Kwando Safari Sightings for January have arrived. In this first post, we’ll feature Kwando Leabala Camp and Tau Pan Camp – note that Kwando Safaris has included a rather lengthy and interesting introduction to the rainy season as part of this first update. The next update will feature Kwando Lagoon Camp, Nxai Pan Camp, and Kwando Kwara Camp.
Kwando Safaris – January Rains
PULA! The rains arrived with a vengence in January….. read on
January forms part of the so-called rainy season in Northern Botswana. Unlike in other countries, the rainy season is not like monsoon, but simply indicates the time of year when rain is expected and hoped for, as opposed to the majority of the year when no rain at all falls. Generally, the clouds build up for a few days, and then there is a sudden and brief thunderstorm, which quickly settles the dust.
This January, about 27 out of 31 of those days followed this pattern. Four of them, however, broke all patterns. On the 16th January, it started raining. Hard. And it kept raining hard. For just over three days, it let up for only short periods, and by the end of that time, rain records that had been held for more forty years in Northern Botswana had been broken. Many camps reported over 55 mls of rain in each of the three days – figures that are rarely achieved. Just over one third of the annual expected total rainfall fell.
Although rain is a cause for celebration in Botswana, a country that is almost entirely covered by the Kalahari sands, all the staff sympathised with the guests who struggled through the rain to experience some of the safari they had travelled so far to see. For many, it was a bigger struggle than anyone anticipated, as the cloud cover remained so low, the small planes that act as the shuttle buses and supply vehicles of the safari industry were unable to fly. Some guests had to spend an extra night in a camp rather than moving on to the next, and a few missed their international connections, though with good humour – the camps are a slightly better place to spend a night rather than cramped inside a metal tube! .
Luckily, in most areas on the fourth day, the rain stopped and the sun came out. Areas such as Nxai that had been particularly parched prior to the rains, sucked up the water quickly, so that there was soon little to be found on the baked dry tracks. In Kwara, on the 15th of January, a manager noted how dry the area was, with no water under the three main bridges. Three days later, it was back to using the bridges, as the rain had re-filled the channels and pans. It has not rained again since.
So what does this mean for the coming flood season? Rainfall in Botswana does not form part of the catchment area for the rivers that make up the Delta. However, the cloud cover that provided the rain also covered most of Southern Africa, and resulted in the destruction of homes in many countries due to fast rising river waters A larger than normal rainfall in Angola will lead to a big flood in the Delta in a few months, depending on how much is sucked up by the vegetation as it travels along the slow moving river – for the Delta, it’s a matter of waiting and seeing!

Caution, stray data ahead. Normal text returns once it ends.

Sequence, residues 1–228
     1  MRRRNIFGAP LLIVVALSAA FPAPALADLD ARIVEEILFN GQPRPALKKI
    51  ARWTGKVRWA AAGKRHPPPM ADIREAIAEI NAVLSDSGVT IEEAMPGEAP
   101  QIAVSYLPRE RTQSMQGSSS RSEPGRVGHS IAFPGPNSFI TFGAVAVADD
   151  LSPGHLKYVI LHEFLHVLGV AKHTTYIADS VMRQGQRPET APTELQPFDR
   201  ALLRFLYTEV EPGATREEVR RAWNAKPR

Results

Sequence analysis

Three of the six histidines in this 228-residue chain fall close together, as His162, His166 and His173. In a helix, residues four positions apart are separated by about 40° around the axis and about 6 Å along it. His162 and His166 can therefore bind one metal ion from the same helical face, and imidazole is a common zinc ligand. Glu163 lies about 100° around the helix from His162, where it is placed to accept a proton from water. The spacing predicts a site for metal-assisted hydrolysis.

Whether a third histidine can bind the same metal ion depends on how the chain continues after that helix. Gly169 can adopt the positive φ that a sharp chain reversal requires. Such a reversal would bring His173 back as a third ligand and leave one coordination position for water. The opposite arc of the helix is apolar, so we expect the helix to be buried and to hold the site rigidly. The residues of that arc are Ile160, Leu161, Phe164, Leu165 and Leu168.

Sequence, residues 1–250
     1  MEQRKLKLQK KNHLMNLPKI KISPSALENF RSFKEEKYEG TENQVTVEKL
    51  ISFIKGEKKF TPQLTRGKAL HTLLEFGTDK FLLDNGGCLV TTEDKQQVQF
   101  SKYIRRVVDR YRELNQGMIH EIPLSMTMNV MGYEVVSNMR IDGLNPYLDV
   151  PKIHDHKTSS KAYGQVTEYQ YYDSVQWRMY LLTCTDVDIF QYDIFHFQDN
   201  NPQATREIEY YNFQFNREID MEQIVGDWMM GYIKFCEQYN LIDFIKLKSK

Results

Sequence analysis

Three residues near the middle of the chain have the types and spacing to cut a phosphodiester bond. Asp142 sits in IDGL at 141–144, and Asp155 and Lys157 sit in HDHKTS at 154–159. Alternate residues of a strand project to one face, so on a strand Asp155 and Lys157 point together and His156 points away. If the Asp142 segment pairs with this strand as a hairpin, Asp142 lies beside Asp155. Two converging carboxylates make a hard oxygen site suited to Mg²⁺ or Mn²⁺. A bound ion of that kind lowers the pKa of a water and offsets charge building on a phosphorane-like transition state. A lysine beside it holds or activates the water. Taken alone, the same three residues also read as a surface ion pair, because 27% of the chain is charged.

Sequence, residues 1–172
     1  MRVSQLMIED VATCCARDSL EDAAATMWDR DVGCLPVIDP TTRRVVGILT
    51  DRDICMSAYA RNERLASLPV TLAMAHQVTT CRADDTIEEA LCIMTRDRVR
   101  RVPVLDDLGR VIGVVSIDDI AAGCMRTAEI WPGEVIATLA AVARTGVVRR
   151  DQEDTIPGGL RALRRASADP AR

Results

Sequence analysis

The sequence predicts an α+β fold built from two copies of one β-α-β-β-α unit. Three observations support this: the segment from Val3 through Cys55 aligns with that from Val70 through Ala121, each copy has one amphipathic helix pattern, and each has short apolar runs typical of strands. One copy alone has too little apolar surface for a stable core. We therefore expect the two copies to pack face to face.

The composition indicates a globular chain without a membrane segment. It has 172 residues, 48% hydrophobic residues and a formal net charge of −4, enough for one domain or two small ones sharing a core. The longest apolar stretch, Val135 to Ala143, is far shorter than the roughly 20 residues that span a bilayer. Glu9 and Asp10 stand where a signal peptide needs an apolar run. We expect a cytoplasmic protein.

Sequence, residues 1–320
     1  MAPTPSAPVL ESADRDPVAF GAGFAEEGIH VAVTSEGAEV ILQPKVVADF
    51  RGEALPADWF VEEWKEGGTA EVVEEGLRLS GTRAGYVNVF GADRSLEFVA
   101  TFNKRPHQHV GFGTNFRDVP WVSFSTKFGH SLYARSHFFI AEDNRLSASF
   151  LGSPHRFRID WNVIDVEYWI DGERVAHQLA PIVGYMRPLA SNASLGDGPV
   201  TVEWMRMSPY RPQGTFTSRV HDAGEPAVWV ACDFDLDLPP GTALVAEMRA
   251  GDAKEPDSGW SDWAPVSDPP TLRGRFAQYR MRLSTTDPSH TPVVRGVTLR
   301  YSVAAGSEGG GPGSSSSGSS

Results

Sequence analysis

Kwando Lebala Camp
The beginning of the year saw the Southern pack of dogs moving north west of Lebala camp. After feeding on impala one day, the pack spent the whole day along the edge of the water at Leopard road, before heavy rains arrived and they moved off to the thick Kalahari apple-leaf for cover. The next day they were found again, eating two baby impalas, and interacting with a group of hyenas. The dog pack was seen regularly throughout the month of January.
Lots of breeding herds of elephants are back in the concession, and are seen daily feeding and having mud baths after the good rains.
Tau Pan Camp
Tau Pan lion pride (currently just the two females and six young lions from the litters two years ago) had a good start to January, and killed an oryx on the southern side of the pan. They were seen feeding on it, after having taken it down during the night.
By the middle of the month, they had killed another oryx, which they seem to finally be developing a skill at catching!
A couple of days later, a cheetah was seen hunting to the west of the waterhole, and managed to catch a duiker. He was able to feed on the duiker for some time, before the jackals that had moved in on seeing him catch something, irritated him too much and he left.
A large number of white storks arrived in Tau Pan- 105 to be exact (!)… – and spent the days feeding on insects. The jackals – several families live on the Pan – tried their luck at catching them, but were unsuccessful. Jackals have an interesting family structure – the parents normally mate for life, and one or two pups from the first litter they have stay with the parents to help raise the next litter, before moving off and finding their own mate.
Our lovely visitors from last month – the wild dogs – also came back this month to the waterhole in front of camp. Numbering seven – two adults and five subadults – spent time running through the waterhole and playing. All look healthy, though the alpha female does have some scars on her shoulder and back, but these seem not to be bothering her. Last month there were eight in number, so we are hoping that the missing one was busy out hunting at the time they were seen.
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